Chicago chef and restaurateur Grant Achatz at Alinea is famous for dazzling guests with taste and visual presentation. But the dining experience at all of Achatz’s restaurants is also often about aroma.
Achatz is known for his off-the-plate experiments with scent, including famously serving entrees atop pillows filled with nutmeg air that were pierced upon serving to release a sweet and nutty aroma.
In other dishes, bites of bison tenderloin were served on a hot river rock placed onto a nest of fresh juniper boughs, which infused the dish with the scent of toasted juniper. Achatz has also used burning cinnamon sticks and branches of fragrant fresh rosemary to enhance the sensual experience.
“Aroma is ubiquitously regarded at all of our restaurants, enough to be regarded a first-class ingredient most of the time. We rarely construct a dish without considering how aroma plays a role,” said Allen Hemberger, director of media and publishing for The Alinea Group.
It’s an idea that’s catching on.
The way a restaurant looks is one thing. The way it smells is another. And restaurant operators — along with a growing number of ambient scenting technology companies — contend the power of aroma can set the stage for a memorable meal.
A few years ago, when Scott Popovic, then corporate executive chef of Certified Angus Beef, wanted to create a particular mood at a James Beard House dinner, he placed burning bourbon-soaked cinnamon sticks on each table.
“You really need to create a special, unique experience for the guest,” said Popovic. “I didn’t want them to think of being at the James Beard House or that there were 10 chefs in the kitchen. I was trying to transport them to a different mind frame.”
Most recently at Vita Urbana in Cleveland, Ohio, where he is now chef and partner, Popovic burned bay leaves, purported to have stress relieving properties, at a private dinner for a group of bankers. Last fall the Vita Urbana menu featured a bowl of smoked tomato risotto and blackened sea scallops. On the side was a bowl of cilantro onto which servers poured hot water to release the aroma of the herb.
Alinea chef Grant Achatz has served entrees on pillows that, when pierced, released the aroma of nutmeg.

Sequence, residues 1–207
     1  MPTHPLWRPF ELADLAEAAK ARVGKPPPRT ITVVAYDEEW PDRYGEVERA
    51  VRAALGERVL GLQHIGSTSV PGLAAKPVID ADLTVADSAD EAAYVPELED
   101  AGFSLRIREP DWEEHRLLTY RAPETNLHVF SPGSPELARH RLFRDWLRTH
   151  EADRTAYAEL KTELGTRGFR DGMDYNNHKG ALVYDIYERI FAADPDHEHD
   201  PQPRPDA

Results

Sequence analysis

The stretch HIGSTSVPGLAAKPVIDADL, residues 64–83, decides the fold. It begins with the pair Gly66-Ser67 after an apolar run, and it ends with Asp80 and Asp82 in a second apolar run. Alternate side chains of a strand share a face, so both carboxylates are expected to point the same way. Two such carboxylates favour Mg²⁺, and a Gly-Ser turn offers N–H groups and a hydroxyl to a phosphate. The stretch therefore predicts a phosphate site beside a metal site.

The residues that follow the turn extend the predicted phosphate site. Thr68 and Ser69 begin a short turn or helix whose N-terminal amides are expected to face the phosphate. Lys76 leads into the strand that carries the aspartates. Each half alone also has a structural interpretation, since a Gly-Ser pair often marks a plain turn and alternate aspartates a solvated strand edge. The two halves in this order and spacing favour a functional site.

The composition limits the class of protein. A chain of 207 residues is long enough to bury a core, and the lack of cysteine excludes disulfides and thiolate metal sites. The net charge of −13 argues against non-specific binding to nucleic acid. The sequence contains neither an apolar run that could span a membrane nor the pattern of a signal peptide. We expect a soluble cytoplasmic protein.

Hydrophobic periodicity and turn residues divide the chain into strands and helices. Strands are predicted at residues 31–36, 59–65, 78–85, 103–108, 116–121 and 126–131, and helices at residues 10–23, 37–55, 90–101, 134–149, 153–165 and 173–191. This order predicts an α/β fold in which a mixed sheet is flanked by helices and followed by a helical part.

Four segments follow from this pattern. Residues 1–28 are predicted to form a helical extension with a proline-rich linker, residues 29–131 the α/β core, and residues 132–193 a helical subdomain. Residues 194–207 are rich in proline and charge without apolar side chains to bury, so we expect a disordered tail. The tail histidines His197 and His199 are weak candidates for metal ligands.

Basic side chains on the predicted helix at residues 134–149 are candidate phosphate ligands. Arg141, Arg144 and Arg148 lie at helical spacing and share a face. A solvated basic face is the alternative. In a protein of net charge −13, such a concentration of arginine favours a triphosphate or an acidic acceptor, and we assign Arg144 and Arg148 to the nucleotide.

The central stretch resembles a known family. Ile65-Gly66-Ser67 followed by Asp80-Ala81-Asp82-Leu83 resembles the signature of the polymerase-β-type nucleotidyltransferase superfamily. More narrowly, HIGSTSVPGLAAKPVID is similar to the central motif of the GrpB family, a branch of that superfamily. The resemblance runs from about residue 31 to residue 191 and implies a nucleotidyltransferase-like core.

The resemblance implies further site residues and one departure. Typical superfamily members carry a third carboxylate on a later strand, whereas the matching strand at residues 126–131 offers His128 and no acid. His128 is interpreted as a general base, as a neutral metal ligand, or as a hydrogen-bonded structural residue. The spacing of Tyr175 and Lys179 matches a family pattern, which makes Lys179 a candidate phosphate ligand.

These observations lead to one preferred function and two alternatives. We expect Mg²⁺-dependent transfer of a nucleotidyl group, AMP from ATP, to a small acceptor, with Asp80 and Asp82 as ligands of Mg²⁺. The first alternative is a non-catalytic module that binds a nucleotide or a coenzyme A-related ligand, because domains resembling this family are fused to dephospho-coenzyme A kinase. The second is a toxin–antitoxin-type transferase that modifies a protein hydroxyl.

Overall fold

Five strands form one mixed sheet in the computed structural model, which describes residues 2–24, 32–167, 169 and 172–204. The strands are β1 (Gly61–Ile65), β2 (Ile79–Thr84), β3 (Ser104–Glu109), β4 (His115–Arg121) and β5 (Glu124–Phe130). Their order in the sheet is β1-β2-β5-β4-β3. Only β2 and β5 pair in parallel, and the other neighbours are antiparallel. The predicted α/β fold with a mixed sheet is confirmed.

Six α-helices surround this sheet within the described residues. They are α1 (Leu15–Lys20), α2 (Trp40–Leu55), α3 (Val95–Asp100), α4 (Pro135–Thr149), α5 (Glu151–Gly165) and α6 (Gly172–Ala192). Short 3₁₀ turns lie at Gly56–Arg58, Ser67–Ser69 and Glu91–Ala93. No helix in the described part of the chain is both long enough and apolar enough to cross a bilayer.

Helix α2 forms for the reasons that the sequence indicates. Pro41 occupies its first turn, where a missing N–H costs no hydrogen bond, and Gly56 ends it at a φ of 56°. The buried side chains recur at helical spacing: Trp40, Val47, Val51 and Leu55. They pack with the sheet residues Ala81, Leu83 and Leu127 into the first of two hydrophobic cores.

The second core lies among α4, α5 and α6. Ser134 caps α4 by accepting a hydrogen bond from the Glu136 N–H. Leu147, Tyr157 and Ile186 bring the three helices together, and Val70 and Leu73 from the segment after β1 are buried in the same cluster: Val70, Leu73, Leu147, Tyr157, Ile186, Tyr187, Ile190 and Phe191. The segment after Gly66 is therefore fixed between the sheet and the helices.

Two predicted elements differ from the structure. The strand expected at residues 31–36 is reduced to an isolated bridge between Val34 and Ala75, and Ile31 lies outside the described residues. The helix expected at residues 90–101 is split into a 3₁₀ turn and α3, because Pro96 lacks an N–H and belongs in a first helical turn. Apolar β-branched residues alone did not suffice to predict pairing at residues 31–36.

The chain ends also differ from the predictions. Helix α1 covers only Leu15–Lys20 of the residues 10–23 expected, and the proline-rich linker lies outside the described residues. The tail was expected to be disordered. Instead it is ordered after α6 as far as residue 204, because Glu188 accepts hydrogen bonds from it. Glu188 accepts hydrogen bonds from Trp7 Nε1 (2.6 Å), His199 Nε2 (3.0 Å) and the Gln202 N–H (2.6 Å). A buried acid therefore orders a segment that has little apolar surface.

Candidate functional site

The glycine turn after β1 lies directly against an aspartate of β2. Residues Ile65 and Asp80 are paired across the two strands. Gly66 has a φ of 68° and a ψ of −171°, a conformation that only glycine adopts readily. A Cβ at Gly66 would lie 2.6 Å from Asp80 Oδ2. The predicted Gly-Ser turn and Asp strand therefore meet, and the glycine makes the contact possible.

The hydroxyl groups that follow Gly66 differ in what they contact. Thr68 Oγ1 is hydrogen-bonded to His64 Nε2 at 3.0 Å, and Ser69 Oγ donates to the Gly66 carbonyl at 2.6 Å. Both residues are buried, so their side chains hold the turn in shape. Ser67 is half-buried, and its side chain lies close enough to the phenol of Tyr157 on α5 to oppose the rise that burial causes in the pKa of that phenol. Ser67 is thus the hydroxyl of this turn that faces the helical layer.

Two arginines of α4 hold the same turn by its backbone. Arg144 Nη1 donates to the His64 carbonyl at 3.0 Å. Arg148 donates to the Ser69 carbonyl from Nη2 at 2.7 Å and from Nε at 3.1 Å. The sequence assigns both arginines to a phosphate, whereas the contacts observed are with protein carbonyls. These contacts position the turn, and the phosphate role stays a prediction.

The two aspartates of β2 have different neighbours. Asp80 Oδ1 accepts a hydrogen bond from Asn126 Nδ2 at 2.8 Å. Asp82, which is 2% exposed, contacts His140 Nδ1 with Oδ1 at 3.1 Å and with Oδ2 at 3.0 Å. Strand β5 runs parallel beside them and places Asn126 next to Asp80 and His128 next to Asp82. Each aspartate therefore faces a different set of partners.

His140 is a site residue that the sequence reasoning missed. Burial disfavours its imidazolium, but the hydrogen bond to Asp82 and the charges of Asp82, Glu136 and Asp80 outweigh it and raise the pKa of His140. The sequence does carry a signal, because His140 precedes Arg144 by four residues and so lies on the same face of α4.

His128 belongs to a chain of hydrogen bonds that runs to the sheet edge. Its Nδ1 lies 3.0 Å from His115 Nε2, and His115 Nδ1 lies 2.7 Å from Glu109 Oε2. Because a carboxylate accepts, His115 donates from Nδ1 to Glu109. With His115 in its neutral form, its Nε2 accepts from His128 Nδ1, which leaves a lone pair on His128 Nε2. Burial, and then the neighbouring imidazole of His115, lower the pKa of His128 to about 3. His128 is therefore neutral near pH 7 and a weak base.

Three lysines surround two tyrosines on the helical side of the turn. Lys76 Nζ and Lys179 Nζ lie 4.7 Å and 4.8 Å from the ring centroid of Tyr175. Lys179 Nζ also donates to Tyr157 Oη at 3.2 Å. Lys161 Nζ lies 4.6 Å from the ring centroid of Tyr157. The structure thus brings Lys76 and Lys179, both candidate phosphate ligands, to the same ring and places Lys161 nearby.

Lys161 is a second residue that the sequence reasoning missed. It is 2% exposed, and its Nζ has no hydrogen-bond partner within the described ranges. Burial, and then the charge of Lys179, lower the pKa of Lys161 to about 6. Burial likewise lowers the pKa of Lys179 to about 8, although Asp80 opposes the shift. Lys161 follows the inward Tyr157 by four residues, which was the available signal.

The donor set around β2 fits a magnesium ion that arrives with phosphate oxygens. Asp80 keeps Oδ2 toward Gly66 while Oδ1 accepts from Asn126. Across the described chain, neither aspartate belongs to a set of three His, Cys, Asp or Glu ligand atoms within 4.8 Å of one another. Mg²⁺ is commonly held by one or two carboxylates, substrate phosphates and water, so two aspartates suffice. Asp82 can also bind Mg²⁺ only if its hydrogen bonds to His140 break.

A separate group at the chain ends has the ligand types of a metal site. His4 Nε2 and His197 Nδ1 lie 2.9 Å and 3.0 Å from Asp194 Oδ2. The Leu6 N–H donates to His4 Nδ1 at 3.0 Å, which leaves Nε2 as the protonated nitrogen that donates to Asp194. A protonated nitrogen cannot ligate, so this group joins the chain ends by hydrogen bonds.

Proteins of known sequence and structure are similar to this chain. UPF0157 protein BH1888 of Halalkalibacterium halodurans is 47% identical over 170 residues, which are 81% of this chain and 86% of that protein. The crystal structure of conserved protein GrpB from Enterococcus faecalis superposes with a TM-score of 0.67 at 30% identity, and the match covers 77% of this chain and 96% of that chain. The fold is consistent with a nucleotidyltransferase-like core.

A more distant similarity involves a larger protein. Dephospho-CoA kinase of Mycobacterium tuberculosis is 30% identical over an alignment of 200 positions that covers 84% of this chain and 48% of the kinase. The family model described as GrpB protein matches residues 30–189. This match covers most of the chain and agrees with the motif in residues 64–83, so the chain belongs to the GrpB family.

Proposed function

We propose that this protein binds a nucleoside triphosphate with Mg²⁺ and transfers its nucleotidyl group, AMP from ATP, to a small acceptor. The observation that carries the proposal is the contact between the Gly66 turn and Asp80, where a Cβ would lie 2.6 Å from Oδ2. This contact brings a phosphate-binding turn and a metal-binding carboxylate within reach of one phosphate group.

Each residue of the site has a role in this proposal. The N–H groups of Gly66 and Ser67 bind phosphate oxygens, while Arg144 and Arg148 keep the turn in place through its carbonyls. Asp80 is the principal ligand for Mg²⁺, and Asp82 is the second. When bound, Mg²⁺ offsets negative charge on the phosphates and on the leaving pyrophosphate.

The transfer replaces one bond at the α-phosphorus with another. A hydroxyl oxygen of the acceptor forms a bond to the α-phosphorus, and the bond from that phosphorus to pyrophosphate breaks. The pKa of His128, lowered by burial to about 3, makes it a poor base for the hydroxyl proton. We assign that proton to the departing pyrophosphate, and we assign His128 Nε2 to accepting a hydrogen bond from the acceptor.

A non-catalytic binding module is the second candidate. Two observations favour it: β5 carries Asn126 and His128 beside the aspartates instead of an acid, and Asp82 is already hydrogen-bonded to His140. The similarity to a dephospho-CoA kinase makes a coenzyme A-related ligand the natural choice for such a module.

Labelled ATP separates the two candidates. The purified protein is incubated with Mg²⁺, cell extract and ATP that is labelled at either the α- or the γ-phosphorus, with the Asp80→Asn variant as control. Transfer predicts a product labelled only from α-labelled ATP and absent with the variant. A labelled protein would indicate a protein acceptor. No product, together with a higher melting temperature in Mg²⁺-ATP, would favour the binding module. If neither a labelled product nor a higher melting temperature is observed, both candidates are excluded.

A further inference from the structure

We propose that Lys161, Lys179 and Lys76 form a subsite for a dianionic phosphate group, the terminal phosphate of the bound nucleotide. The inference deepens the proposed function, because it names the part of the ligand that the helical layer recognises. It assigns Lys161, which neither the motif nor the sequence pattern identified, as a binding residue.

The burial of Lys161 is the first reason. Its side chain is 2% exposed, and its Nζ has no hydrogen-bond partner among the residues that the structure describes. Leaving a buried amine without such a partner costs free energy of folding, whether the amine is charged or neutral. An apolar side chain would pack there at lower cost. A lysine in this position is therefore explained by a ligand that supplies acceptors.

“I didn’t want to put cilantro into the dish,” said Popovic. “I’m just playing with food.”
Of course, the lure-in aspect of controlled aromas is nothing new.
Chains such as Cinnabon, Auntie Anne’s Pretzels and Subway are known for paying attention to ambient scenting, doing everything from cooking trays cinnamon and sugar and placing ovens at the front of locations, to baking at key times of the day with the goal of leading customers inside by their noses.
But scent marketing, or the practice of engaging customers through their sense of smell, has largely been a tactic used primarily by hotels, resorts and retail establishments. However, lately it is being used more in restaurants, in large part because a host of ambient scenting companies are increasingly targeting the restaurant industry.
Rather than burning or smoking natural herbs, spices or other ingredients, these companies typically provide customized fragrances made of a mix of natural and synthetic aromas that are dispersed through diffusion systems in individual areas or through HVAC systems.
Milwaukee-based Prolitec is among those companies that started with hotels and is now offering its services to restaurants.
“Moving into the restaurant space has been a natural transition,” said Roger Bensinger, executive vice president of business development for Politec. “[With restaurants,] first came the music, then design and now we’re addressing a very powerful sense of smell.”
Among Prolitec’s restaurant clients is Shuckums Oyster Bar and Grill, a 50-year-old seafood restaurant in Panama City, Fla.
About 18 months ago, Ernie Carnall, General Manager of Shuckums, had a Prolitec diffuser installed in a portion of the restaurant’s dining room. Initially, he said the goal was to neutralize an area where staff shucks oysters, filling large trashcans with empty shells throughout the night and giving off a sometimes-overpowering ocean aroma. With the help of Prolitec, Carnall said he chose scents that have a familiar food smell, such as lemons or pears. He plans to change the scent seasonally, for example moving to pumpkin in the fall.
“It does a great job of neutralizing the odor,” said Carnall.
While ambient scenting can be used in any area, Bensinger said the fastest growing sector in restaurants is hallways and bathrooms.
“The experience a patron has in the restroom reflects the overall experience the customer has,” he said. “More and more restaurants are realizing how important it is to have clean, good-smelling restrooms.”
Over the years, Dean Small, partner with Synergy Restaurant Group, said his firm has recommended ambient scenting to restaurant clients.
“Aroma is really very, very important in any dining environment and there are just multiple ways of doing it,” said Small. “It depends on the type of concept and where you’re going to have the aroma. There are ways to do it with design.”
For example, Small recalls a client that was developing a new prototype and wanted to vent aromas into the dining room, which was far from the kitchen, to infuse it with “real flavors” of cooking.
However operators choose to address the notion of scent, Small offers this advice: “I would try to be as natural as possible,” he said. “If it’s artificial and smells artificial I think you’ll do more harm than good.”
Scent Technology Companies
AromaSys, Las Vegas
Mood Media, Austin, Texas
Prolitec (left), Milwaukee
ScentAir, Charlotte, N.C.
ScentSational Technologies, Jenkintown, Pa.